All of us can probably remember some reading assignment for a high school English class that seemed onerous at the time… if not torturous… if not downright cruel.
Such ponderous tasks typically involved one or more of those so-called “classic” pieces of literature: usually a musty old tome from at least as far back as the 19th century, and likely from some highbrow British author with a name like Dickens, or Brontë, or Austen.
And my own high school English teacher seemed especially sadistic, assigning multiple classics during the year we spent together.
I remember groaning loudly when it was announced that we’d be reading “Wuthering Heights,” certain I would hate every syllable of that depressing saga of those star-crossed lovers out on their soggy old moors. (I yawned theatrically to emphasize my point.)
I got through it, grudgingly, half-heartedly, and with just enough comprehension to scribble out an unenthusiastic book-report, which I handed to said teacher with a disgusted roll of my eyes.
Next came “Middlemarch,” followed by “Pride and Prejudice,” followed by “Vanity Fair.”
It felt like cruel and unusual punishment (especially when the other English class was reading DUNE). I plowed miserably through each of them, complaining all the while to whomever would listen, about what vapidly stale drivel was being forced into me, and at such a precious teenage opportunity cost.
Once out of school, and finished with all such compulsory reading, I vowed never to crack another of those boring old classics ever again.
As is often the case, however, with such brash declarations, Fate would have the last laugh.
I married a young woman who had not only read many of those same novels during her high school career, but had been rather fond of them.
I thus found myself in the delicate position of living with a person who still actually read some of these old English classics by choice… just for “enjoyment.”
I rationalized my dislike for these same works by concluding that such frilly Victorian fare must simply be suited more to the feminine mind and taste. Surely I hadn’t prejudiced myself against time-tested literature, convincing myself I’d hate them, then proceeded to fulfill my own prophecy.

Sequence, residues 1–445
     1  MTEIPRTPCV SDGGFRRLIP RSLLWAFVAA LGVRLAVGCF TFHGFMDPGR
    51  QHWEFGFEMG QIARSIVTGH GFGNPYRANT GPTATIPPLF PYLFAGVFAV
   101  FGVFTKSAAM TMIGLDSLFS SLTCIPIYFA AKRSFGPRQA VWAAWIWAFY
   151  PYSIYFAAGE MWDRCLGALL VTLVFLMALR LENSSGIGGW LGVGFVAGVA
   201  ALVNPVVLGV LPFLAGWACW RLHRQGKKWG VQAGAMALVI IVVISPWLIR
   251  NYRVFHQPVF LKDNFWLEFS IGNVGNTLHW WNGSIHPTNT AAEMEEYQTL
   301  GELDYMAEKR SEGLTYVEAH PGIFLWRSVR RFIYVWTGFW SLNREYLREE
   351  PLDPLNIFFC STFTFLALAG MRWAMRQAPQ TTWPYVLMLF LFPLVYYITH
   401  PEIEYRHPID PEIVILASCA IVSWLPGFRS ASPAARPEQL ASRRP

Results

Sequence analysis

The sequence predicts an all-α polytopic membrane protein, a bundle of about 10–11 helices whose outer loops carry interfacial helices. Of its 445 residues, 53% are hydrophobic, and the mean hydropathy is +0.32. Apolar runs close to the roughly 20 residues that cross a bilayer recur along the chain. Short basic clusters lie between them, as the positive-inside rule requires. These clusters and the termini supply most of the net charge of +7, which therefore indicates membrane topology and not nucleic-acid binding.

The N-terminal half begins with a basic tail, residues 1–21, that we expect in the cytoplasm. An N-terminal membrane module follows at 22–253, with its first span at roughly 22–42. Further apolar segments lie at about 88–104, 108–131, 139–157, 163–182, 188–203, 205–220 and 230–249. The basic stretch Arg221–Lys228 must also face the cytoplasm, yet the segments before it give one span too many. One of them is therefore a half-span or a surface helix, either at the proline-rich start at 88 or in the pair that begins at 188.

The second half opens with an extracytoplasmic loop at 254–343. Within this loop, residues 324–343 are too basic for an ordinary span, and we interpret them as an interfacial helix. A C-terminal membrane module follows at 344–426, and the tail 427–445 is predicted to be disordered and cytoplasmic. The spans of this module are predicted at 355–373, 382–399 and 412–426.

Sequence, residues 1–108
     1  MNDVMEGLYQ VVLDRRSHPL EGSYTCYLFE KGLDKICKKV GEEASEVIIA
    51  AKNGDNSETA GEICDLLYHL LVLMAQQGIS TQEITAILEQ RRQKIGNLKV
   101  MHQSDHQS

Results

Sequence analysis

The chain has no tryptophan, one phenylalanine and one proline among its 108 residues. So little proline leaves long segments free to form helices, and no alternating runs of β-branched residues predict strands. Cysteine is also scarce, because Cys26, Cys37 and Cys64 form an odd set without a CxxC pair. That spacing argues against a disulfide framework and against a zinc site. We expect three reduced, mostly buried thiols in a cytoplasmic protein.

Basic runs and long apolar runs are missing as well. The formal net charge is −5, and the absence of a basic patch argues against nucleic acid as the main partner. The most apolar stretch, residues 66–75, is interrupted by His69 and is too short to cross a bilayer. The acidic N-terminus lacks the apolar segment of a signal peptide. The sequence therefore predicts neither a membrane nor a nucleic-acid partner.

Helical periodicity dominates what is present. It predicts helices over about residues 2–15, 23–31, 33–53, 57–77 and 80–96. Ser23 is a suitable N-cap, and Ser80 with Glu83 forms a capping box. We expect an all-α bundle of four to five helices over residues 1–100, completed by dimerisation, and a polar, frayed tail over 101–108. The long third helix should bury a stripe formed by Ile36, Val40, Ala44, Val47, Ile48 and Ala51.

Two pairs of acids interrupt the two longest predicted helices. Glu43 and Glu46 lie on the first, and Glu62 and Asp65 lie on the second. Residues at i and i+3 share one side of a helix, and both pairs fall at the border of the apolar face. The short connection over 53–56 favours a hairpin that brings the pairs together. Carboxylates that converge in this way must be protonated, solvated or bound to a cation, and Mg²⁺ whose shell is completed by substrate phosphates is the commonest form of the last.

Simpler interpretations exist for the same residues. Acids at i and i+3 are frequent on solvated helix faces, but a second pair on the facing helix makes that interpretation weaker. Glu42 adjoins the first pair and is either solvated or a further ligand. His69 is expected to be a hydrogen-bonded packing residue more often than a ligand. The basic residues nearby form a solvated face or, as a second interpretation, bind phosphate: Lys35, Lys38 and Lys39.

I didn’t like it, but I knew what had to be done. With my young wife’s encouragement, I dug out my old paperback copy of “Wuthering Heights” and plunged in again, venturing, this time, with as objective and open a mind as possible. And, while the opening paragraph still felt a bit stilted and dated, by the time I’d finished even the first chapter, something rather astonishing had happened… I was hooked!
“Wuthering Heights,” it turns out, was that proverbial ‘page-turner’ of a book. So much so, that I found myself looking eagerly forward to bedtime, when I could be reunited, under the warm light of my bedside lamp, with that irascible Heathcliff and the tempestuous Catherine, out there on those misty, mysterious moors.
The surprising reversal of such long held opinions demanded an immediate reevaluation of everything literary, and so I revisited others works from my old high school reading list, loving them all so much that I sought out more of the same: more Brontë, more Austen, nearly all of the works of Dickens, and then on to Thomas Hardy, and F. Scott Fitzgerald, and John Steinbeck, and Mark Twain, and more of Dickens, and H. G. Wells, and Jules Verne, and Victor Hugo, and Herman Melville, and Garcia Marquez, and some of Tolstoy and Dostoyevsky, and even a smattering of Shakespeare.
I have my own, personal favorites, of course, but the consistent thread between all of them is the stunning revelation that they are all—each and every one—eminently wonderful and worthwhile.
So completely converted have I become to these classics, that, for the past several years, I’ve kept a list of BOOKS I WILL READ BEFORE I DIE.
And, if you are someone who majored in English literature, or who teaches literature, or even someone who just really loves literature, I will ask you for a recommendation—one single work of classic literature—that I absolutely need to read before I die.
If it’s a book I’ve already read, then I’ll want to talk with you about it.
If, however, it’s a book I’ve yet to read, then I’ll add it to the list.
And I will definitely read it (assuming I live for at least another year), even if your recommendation turns out to be something as ponderous as “War and Peace,” or “Moby Dick.”
In a few more days, I will finish yet another of these recommended classics: Dickens’ “Our Mutual Friend,” (which has become one of my all-time favorites), and then I’ll download the next book on the list: “Ulysses.”
I will never get entirely through this list, since people keep recommending more and more classics to be added. And I’m glad, since it’s been such a rich source of ongoing enjoyment and edification. (Would I even be the same person if I’d never read “Gulliver’s Travels?”)
But, what, you may ask, of that long-suffering high school English teacher of yore, who strove so resolutely to broaden my narrow teenage mind?
She still remembers me from over 40 years ago. How do I know? Because I felt compelled to search out her phone number, and to call her, and apologize, and say, thank you!
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